Directed by James Solomon
Opens June 3 at IFC Center
You’ve no doubt heard the story. In 1964, Kitty Genovese was murdered in Kew Gardens, Queens. According to news reports, 38 neighbors witnessed the three-part attack. Apparently, none of them called the police, not wanting to get involved. Supposedly, had police or paramedics come after her first scream was heard, she could have been saved.
The appeal of this incident for journalists and cultural commentators is easy to see, a telltale story of urban decay and eroding values that still resonates 50 years later (it even popped up as a plotline in the most recent season of Girls). The documentary The Witness takes it as its subject, and—as you might expect—finds that things are not so simple as the popular telling of the story. However, as the story’s elemental power is derived from its simplicity, what’s good for the historical record here doesn’t make for a compelling viewing experience. If—as the film suggests—many of the witnesses couldn’t have seen the attack from their vantage points, and one did call the police (as she claims; she adds the police told her it had already been reported), and another went to help the wounded Kitty, then much of the symbolic heft vanishes, and all that’s left is a grisly murder.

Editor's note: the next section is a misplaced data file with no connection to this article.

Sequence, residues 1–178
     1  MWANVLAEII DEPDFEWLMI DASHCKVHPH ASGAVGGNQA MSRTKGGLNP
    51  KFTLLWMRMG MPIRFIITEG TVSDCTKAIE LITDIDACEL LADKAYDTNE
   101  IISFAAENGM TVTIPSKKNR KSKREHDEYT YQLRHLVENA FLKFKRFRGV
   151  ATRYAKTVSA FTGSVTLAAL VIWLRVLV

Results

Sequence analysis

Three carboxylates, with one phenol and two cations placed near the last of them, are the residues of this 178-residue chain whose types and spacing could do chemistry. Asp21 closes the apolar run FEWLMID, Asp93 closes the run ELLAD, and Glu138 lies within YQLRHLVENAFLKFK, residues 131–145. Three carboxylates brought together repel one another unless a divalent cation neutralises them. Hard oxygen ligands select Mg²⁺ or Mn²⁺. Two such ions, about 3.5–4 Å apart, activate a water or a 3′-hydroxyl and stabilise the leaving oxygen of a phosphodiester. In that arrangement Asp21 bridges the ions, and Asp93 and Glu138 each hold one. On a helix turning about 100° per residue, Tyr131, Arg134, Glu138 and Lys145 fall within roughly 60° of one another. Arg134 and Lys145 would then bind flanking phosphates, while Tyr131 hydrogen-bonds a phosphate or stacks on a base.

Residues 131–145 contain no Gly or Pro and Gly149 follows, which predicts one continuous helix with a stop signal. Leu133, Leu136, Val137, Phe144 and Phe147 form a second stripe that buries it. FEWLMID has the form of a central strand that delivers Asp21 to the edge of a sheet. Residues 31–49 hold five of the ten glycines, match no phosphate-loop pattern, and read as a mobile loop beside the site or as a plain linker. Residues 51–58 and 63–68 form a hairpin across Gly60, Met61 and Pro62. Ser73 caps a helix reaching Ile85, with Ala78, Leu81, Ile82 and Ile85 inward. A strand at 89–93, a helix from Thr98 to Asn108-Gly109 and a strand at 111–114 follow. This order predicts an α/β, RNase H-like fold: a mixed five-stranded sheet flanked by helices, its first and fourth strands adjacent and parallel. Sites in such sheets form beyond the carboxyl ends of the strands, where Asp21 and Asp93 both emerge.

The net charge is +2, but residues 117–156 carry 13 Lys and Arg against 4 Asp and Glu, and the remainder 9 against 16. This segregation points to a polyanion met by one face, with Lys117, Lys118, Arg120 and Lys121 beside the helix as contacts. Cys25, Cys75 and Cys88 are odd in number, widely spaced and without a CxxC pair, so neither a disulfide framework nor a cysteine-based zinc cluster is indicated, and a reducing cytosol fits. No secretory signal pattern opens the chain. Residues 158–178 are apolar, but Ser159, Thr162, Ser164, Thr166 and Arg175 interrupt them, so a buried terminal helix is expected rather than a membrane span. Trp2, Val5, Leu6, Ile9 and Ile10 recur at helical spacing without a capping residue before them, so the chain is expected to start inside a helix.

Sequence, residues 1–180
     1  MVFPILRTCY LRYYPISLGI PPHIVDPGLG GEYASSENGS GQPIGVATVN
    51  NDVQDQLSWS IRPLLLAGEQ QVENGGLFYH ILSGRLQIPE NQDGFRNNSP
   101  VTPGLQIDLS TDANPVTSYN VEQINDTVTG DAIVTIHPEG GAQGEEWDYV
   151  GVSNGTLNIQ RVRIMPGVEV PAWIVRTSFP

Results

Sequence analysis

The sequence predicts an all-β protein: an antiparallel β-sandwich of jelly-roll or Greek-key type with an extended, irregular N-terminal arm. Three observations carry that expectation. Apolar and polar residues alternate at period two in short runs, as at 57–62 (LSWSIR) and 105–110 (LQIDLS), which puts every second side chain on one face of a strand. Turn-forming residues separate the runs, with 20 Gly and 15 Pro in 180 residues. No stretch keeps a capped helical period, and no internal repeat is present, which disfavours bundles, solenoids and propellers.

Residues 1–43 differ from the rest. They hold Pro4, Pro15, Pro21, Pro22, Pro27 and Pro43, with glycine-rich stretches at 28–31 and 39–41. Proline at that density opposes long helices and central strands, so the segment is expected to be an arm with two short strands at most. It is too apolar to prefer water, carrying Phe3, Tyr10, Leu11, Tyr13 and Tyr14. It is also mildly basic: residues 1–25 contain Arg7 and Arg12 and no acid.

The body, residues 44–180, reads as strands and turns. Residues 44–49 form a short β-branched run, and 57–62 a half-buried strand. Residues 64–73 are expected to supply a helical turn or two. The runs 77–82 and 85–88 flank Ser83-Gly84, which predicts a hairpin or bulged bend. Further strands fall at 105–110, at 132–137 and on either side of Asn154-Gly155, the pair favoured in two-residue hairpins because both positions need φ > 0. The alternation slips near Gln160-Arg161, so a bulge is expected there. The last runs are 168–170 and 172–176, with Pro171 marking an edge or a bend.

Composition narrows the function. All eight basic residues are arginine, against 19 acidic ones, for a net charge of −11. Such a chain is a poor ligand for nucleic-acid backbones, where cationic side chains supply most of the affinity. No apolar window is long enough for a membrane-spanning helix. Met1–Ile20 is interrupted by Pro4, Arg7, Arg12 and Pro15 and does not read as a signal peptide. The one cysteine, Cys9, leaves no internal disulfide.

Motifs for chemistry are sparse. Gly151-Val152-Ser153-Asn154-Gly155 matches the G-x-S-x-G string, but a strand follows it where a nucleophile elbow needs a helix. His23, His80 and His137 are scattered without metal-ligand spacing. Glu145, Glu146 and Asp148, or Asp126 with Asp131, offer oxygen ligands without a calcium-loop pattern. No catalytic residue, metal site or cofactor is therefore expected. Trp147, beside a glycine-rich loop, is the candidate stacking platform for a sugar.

The problem is, after The Witness argues the crime wasn’t a culture-defining moment, it then tries to make it one by trying to tie it to other societal issues. Some, like the underexplored look at sensationalist journalism, fit neatly into the subject, but the links to others are haphazard. The film briefly connects the murder to the post-Stonewall era by indicating that Kitty, a lesbian, was a loner because of anti-gay prejudice. It also brings up the racial animosity of 60s New York, with someone suggesting her killer was pushed to violence by the discrimination he had endured; someone else says that no one called the police because many of the witnesses were concentration camp survivors, and thus paranoid about authority figures. All these ideas just get the briefest of mentions, meaning they feel dubious regardless of their validity.
The film rarely probes or challenges, even on key themes like the lingering impact of violence on victims (Kitty’s brother Bill, who was 16 in 1964, is the narrator and host). Little original reporting is evident, and there’s little method to the film’s construction or editing. It devotes considerable running time to animated segments, a break from talking heads that’s appreciated in theory but which adds nothing in practice, as well as to Bill making small talk with his sources or uninsightful interviews (Kitty enjoyed joking with her friends, and once visited new parents in the hospital). Given the subject, slight running time and the film’s years-long production, this kind of padding is beyond perplexing, especially since history that’s actually interesting and relevant (the murder helped create the 911 system) is excised almost completely.
Given its scattershot approach, the film winds up having surprisingly little to say about the murder. The basic takeaway is that it was tragic, which is certainly true, but not enough to base a movie off of.